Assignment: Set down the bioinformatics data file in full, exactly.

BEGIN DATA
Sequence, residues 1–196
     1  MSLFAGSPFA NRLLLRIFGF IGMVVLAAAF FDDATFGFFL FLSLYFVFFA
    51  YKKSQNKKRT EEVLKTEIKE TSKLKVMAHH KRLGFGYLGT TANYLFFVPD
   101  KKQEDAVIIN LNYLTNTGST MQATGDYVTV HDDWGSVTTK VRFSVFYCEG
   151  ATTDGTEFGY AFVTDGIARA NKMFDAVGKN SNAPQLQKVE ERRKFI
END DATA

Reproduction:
Sequence, residues 1–196
     1  MSLFAGSPFA NRLLLRIFGF IGMVVLAAAF FDDATFGFFL FLSLYFVFFA
    51  YKKSQNKKRT EEVLKTEIKE TSKLKVMAHH KRLGFGYLGT TANYLFFVPD
   101  KKQEDAVIIN LNYLTNTGST MQATGDYVTV HDDWGSVTTK VRFSVFYCEG
   151  ATTDGTEFGY AFVTDGIARA NKMFDAVGKN SNAPQLQKVE ERRKFI